But nobody listened to me when I tried to tell them that my depression was a cause and effect. That, as my new-best-friend-Jim pointed out: I was a victim of delayed mental anguish.
It was Stephanie who needed help. And I honestly wanted her to get it. But I was the only one who was seeking it for her.
But who believes the man today? Certainly not that Philadelphia Assistant District Attorney Kate Thurston. She dropped all-and-every charge against me that Steph manufactured. But only after she had no other choice but to recognize that Stephanie wasn’t only diminutive in stature, but also in character, veracity and cerebral bra-cup size — all a marked contrast to her huge mouth.
Who listens anymore to common sense?
Nobody. Because with all the lawyers and other debauched institutions we have allowed our common sense to go AWOL.
And what do we keep forgetting about those institutions? They are made up of those same geeks that were relegated to the back of the cafeteria in college. That the whole field of modern psychiatry is so experimental that only 30 years ago they still thought that homosexuality was a curable disease.
Look, pills are absolutely necessary for some people who think that when they talk to G-d it is praying. But when G-d talks to them it is schizophrenia.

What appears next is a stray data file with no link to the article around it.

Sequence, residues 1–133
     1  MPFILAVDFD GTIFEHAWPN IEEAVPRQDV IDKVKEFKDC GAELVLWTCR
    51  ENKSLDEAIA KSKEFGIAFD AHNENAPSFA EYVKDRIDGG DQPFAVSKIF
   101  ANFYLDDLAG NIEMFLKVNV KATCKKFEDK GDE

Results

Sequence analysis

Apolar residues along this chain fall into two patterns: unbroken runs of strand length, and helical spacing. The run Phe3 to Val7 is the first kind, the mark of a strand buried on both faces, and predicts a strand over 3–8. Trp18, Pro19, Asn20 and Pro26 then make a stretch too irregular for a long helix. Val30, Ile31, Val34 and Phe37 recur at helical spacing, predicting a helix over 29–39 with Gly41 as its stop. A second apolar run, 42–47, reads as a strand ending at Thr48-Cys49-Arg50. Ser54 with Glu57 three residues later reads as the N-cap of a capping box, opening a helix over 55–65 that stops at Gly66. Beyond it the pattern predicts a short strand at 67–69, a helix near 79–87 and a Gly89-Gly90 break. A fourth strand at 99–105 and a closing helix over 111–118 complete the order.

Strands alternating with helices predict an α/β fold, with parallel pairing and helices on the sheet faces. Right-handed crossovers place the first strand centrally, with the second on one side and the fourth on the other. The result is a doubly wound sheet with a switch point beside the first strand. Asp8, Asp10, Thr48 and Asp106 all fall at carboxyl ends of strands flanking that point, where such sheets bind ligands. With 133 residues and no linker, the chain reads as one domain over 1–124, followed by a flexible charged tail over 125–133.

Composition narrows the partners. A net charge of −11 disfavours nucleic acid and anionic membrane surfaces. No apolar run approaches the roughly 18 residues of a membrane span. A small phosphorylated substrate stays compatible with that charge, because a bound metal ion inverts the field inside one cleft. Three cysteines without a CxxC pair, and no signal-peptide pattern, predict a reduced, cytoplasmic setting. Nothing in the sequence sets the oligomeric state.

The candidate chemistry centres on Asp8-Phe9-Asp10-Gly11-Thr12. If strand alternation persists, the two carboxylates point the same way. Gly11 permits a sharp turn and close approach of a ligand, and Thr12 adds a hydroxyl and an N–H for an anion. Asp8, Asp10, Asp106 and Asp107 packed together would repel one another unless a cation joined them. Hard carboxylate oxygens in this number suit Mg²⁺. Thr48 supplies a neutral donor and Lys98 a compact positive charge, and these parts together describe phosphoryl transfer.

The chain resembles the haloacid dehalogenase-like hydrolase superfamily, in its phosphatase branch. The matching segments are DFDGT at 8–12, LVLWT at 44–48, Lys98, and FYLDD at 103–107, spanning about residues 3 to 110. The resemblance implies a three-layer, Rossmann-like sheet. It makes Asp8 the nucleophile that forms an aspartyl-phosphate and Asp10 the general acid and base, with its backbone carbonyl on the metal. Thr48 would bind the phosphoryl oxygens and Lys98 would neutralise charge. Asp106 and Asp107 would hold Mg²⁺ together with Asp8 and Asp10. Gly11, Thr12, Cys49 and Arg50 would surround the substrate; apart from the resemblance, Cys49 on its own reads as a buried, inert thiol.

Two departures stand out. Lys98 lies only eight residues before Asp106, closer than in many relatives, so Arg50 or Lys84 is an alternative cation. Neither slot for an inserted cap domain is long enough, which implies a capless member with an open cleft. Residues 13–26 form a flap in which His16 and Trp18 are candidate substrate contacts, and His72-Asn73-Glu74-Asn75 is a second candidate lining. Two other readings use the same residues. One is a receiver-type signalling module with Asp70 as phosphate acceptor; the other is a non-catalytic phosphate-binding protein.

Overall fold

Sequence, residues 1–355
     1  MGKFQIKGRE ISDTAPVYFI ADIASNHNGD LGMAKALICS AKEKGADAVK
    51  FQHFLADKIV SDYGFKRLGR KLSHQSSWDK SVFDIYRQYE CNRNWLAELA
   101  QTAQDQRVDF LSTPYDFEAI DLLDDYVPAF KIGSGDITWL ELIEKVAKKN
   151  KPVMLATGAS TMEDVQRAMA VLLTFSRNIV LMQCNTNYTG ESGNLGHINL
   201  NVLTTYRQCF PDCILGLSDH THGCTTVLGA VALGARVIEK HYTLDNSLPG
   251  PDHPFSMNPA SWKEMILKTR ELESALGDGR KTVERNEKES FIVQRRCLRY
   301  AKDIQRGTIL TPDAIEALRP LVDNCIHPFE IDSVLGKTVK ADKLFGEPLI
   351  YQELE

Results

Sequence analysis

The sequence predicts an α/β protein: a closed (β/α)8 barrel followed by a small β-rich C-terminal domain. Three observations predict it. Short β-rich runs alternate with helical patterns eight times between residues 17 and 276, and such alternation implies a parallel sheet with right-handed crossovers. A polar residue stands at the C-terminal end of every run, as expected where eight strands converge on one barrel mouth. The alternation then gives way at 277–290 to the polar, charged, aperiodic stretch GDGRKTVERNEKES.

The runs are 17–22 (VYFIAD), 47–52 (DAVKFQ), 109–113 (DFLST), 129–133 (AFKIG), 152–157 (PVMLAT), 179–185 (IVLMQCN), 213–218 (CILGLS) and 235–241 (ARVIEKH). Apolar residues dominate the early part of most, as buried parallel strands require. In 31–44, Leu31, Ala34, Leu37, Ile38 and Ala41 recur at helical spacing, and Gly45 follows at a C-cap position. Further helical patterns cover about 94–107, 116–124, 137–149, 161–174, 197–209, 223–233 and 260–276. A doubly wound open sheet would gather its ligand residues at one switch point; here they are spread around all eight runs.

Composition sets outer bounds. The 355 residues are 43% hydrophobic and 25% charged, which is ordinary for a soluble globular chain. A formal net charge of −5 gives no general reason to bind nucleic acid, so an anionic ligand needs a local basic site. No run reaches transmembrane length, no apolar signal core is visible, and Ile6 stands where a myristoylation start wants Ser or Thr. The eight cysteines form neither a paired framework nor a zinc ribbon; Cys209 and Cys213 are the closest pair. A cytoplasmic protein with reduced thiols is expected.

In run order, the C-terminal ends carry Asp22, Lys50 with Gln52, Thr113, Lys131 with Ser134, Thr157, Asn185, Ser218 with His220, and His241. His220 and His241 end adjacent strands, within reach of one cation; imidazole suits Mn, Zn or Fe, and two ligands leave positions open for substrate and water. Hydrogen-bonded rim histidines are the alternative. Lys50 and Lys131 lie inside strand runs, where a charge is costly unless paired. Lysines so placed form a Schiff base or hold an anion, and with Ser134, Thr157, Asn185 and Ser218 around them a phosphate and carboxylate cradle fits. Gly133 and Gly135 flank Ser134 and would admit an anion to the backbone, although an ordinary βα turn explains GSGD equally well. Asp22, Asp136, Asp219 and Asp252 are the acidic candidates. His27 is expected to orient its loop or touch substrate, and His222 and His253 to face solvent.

But not me. Even when I tell those dour faced folks that sometimes I think I really must be G-d. Not because I’m Jewish, but because when I talk to Him I find I am talking to myself.
Look, the issue even runs to that soldier, Robert Bales, who putatively shot 16 Afghan civilians.
Bales was on his fourth tour. He didn’t feel he could do it anymore. He has been wounded twice rather seriously. And obviously the exhausted boy in this man-soldier finally snapped. It was bound to occur. He’s not the first – not in Afghanistan, Iraq or Vietnam and back in the day.
But who was listening to him?
Now they will.
Like Jim Rocha gleaned from his seminar in Philly’s HUP, which has become a leader in this field of trauma induced depression. Sooner or later the depression or trauma will strike. Maybe in a few days. Maybe in a few months. Maybe in a few years. But it will strike.
And what are we supposed to do about it?
If I may make a suggestion: I think we are supposed to use our common sense. And so are our psychiatrists, lawyers, social workers, etc. You just don’t hand out pills and deliver stigmas. The bureaucracy is fraught with too many people who were born stupid and work overtime to stay that way.
A wife, even an ex, like my Stephanie talks too much and says too little. Many of my friends who have known me over 30 years admit that her stories were compelling at first. It’s just that when she called 10 times, or faxed reams of esoteric medical stories that they became suspicious.
So why didn’t they talk to me?
Because they always thought I was a crazy guy. Yet, that’s why they liked me, isn’t it? But friends, or not, we all become disappointments to one another.
Now they’ll hear more folks like Jim Rocha speak up. And people like my friends will hang their heads and say: “We didn’t know. We didn’t realize.”
Yes they did. But like most folks they simply rather believe the worst in all of us.
And dats yDrewIS on DIS penal colony…